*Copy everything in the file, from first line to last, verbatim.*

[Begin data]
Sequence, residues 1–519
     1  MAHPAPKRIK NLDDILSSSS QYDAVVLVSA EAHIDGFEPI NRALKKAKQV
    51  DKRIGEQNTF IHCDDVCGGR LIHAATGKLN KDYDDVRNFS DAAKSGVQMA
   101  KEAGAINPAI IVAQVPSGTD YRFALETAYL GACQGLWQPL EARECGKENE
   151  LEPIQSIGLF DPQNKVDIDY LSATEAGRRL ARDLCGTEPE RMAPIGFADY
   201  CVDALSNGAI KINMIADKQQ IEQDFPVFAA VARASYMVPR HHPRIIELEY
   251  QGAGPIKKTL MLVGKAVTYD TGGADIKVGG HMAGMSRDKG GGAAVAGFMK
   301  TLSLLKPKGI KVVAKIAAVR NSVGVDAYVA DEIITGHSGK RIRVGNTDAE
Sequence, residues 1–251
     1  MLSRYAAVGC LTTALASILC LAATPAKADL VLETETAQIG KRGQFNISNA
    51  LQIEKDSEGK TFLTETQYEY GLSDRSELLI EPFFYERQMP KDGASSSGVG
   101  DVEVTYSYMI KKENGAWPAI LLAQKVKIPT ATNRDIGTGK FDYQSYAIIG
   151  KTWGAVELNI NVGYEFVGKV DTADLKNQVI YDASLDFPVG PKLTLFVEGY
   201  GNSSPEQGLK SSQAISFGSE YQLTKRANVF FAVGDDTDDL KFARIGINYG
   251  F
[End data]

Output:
Sequence, residues 1–519
     1  MAHPAPKRIK NLDDILSSSS QYDAVVLVSA EAHIDGFEPI NRALKKAKQV
    51  DKRIGEQNTF IHCDDVCGGR LIHAATGKLN KDYDDVRNFS DAAKSGVQMA
   101  KEAGAINPAI IVAQVPSGTD YRFALETAYL GACQGLWQPL EARECGKENE
   151  LEPIQSIGLF DPQNKVDIDY LSATEAGRRL ARDLCGTEPE RMAPIGFADY
   201  CVDALSNGAI KINMIADKQQ IEQDFPVFAA VARASYMVPR HHPRIIELEY
   251  QGAGPIKKTL MLVGKAVTYD TGGADIKVGG HMAGMSRDKG GGAAVAGFMK
   301  TLSLLKPKGI KVVAKIAAVR NSVGVDAYVA DEIITGHSGK RIRVGNTDAE
Sequence, residues 1–251
     1  MLSRYAAVGC LTTALASILC LAATPAKADL VLETETAQIG KRGQFNISNA
    51  LQIEKDSEGK TFLTETQYEY GLSDRSELLI EPFFYERQMP KDGASSSGVG
   101  DVEVTYSYMI KKENGAWPAI LLAQKVKIPT ATNRDIGTGK FDYQSYAIIG
   151  KTWGAVELNI NVGYEFVGKV DTADLKNQVI YDASLDFPVG PKLTLFVEGY
   201  GNSSPEQGLK SSQAISFGSE YQLTKRANVF FAVGDDTDDL KFARIGINYG
   251  F